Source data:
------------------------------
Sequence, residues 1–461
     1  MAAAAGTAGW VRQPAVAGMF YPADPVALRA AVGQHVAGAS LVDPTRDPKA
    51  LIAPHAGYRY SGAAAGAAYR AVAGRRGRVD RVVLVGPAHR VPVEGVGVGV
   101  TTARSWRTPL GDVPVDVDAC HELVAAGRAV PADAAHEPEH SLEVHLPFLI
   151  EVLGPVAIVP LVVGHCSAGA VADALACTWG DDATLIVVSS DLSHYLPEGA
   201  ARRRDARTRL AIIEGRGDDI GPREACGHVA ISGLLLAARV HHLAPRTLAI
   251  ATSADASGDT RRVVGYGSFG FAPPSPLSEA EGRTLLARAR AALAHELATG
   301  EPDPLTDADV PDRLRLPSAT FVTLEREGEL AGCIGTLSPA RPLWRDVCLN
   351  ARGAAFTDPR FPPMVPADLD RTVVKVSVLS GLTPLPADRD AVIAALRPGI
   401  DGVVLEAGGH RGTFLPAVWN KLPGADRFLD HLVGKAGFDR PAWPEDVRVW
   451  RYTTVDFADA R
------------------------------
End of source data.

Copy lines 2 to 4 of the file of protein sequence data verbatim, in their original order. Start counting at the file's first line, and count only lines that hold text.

     1  MAAAAGTAGW VRQPAVAGMF YPADPVALRA AVGQHVAGAS LVDPTRDPKA
    51  LIAPHAGYRY SGAAAGAAYR AVAGRRGRVD RVVLVGPAHR VPVEGVGVGV
   101  TTARSWRTPL GDVPVDVDAC HELVAAGRAV PADAAHEPEH SLEVHLPFLI